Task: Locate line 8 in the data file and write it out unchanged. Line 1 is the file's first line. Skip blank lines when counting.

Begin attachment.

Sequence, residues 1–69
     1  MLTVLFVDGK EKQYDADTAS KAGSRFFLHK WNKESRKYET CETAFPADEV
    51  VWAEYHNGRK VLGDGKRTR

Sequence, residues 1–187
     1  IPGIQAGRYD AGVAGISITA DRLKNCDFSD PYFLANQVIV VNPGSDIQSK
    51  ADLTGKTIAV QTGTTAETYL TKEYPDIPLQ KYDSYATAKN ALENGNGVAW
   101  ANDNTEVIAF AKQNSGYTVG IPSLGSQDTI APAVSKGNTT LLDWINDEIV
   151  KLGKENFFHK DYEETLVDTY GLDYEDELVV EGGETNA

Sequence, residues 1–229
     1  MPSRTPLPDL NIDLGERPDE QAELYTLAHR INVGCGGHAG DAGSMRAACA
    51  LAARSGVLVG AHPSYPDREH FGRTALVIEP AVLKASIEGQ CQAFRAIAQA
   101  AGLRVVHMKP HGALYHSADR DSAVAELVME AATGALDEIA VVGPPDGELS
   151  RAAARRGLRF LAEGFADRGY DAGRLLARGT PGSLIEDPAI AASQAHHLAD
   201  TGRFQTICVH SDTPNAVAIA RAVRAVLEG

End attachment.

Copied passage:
   151  KLGKENFFHK DYEETLVDTY GLDYEDELVV EGGETNA